The objective of this project is to identify the social, cultural, and perceptual factors that influence the layer of the population that is sympathetic to Islamic fundamentalism, the layer that is oriented toward moderate and secular politics, and the layer that falls in between. The project has focused on Egypt, Iran, Iraq, Lebanon, Pakistan, Saudi Arabia, and Syria to (1) inspect the extent of the penetration of Western values into these countries and assess how this penetration is related to the nature of these countries? relationships with the West; (2) explain cross-national variations and trends in values; (3) construct attitudinal conceptions of fundamentalism and explain variations in such attitudes cross-nationally; (4) construct a series of indicators that are useful in predicting trends in values among the Islamic publics; and (5) assess the implications of this six-country study for U.S. security.
The project has thus far completed a total of more than 15,000 interviews from five major countries in the Middle East, including nationally representative samples of 3,496 Egyptians, 3,000 Iraqis, 3,039 Lebanese, 3,523 Pakistanis, and 2,003 Saudis, as well as 269 Afghanis and 400 Afghan refugees living in Pakistan. We are planning to carry out a similar survey in Turkey and are exploring the possibility of doing a phone survey of Iranians from Istanbul, Turkey. Because of the outbreak of civil war in Syria, the survey work in that country has been suspended.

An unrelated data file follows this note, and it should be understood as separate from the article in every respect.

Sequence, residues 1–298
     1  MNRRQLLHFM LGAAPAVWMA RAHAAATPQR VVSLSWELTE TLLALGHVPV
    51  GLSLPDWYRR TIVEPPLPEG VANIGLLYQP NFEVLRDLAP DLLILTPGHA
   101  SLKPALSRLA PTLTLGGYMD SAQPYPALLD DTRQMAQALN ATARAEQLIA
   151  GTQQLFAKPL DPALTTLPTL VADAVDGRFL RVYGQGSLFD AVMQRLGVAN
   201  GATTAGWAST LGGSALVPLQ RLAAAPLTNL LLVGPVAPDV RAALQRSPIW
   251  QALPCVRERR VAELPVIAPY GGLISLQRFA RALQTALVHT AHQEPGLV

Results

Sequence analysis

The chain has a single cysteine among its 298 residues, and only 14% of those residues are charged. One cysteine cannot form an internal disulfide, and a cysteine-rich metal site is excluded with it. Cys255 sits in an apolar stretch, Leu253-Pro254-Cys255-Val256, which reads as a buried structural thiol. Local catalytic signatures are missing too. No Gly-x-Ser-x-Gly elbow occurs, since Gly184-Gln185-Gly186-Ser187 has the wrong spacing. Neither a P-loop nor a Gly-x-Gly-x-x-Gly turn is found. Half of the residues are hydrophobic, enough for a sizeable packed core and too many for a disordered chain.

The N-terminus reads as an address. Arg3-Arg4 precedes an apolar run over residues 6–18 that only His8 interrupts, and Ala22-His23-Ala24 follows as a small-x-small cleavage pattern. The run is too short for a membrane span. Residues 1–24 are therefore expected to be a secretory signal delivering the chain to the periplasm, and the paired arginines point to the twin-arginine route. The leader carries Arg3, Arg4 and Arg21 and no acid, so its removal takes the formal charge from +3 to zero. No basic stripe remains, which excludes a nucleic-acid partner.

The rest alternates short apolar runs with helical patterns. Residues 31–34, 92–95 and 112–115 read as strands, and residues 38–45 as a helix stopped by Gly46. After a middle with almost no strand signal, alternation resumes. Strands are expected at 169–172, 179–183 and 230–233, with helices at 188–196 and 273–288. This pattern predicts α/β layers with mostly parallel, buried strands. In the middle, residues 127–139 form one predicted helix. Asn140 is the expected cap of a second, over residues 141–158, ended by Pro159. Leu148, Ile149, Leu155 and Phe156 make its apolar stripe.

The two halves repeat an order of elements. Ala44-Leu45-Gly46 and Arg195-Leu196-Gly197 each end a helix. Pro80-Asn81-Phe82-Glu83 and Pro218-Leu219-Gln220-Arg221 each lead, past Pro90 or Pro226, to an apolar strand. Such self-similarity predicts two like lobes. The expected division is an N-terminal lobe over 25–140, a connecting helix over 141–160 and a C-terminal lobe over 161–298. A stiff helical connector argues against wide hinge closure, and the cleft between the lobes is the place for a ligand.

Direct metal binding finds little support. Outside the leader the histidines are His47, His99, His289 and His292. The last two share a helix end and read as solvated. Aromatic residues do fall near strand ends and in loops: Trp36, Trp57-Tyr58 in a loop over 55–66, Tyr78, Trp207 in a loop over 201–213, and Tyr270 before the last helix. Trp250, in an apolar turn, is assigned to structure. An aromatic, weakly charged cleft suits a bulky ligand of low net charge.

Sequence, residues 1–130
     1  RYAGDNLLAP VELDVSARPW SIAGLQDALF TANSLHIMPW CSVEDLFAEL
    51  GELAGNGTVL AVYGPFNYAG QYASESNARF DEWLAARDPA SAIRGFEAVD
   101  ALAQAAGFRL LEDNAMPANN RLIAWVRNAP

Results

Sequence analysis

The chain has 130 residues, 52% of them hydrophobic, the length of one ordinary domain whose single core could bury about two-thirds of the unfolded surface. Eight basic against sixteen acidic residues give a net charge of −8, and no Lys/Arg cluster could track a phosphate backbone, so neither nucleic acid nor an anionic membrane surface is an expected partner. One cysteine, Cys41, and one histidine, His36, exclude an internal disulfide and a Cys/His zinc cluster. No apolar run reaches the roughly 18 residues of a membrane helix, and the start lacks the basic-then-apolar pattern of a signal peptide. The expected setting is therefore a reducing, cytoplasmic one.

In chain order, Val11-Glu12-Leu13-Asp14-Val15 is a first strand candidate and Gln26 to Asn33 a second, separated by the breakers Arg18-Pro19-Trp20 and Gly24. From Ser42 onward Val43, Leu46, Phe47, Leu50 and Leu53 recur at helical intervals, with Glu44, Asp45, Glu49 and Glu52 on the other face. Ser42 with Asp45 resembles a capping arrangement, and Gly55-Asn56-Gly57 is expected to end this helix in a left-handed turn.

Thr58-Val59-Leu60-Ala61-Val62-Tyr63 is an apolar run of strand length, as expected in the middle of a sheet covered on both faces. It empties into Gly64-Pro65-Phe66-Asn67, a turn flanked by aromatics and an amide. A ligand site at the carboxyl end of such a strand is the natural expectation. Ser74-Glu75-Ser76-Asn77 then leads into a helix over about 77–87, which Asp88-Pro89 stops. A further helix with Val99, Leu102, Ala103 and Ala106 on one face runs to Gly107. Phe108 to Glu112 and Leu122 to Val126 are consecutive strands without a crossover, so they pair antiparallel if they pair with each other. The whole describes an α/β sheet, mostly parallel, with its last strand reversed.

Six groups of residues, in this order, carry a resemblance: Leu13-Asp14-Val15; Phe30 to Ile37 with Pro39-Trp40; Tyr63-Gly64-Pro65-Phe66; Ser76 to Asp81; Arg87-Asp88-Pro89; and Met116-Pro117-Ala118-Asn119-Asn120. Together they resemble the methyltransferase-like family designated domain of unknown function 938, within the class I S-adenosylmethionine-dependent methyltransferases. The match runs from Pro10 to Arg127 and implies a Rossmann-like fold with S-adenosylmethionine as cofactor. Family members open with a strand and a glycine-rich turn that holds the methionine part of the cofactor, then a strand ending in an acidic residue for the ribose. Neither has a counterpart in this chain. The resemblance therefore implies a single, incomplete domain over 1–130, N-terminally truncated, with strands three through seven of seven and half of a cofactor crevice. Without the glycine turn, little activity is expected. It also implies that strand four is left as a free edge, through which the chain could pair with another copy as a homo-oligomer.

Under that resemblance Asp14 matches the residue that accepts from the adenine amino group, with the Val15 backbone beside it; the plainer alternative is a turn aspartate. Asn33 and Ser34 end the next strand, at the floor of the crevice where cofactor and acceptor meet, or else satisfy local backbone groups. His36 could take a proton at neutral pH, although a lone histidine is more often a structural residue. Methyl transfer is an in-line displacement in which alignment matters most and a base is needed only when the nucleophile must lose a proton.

We request this expansion in order to (1) complete the survey work in Iran and Turkey; (2) evaluate cross-national and interfaith variation in religious fundamentalism across all the countries covered by these surveys; (3) analyze predictors of attitudes toward violence against Americans on macro and micro level; (4) analyze attitudes toward democracy, secular politics, gender equality, and social individualism as well as variations in people?s conceptions of their identity; (5) assess trends in values for Egypt, Iraq, Iran, Lebanon, and Saudi Arabia, where survey data are available; (6) evaluate the difference in people?s perceptions of development and Westernization as well as the types of changes in social institutions that they expect to happen if their societies become more developed or more Westernized; and (7) evaluate how variations in attitudes are linked to the diverse sources of information people rely on; domestic radio and TV, Satellite TV, the Internet, mobile phones, and newspapers.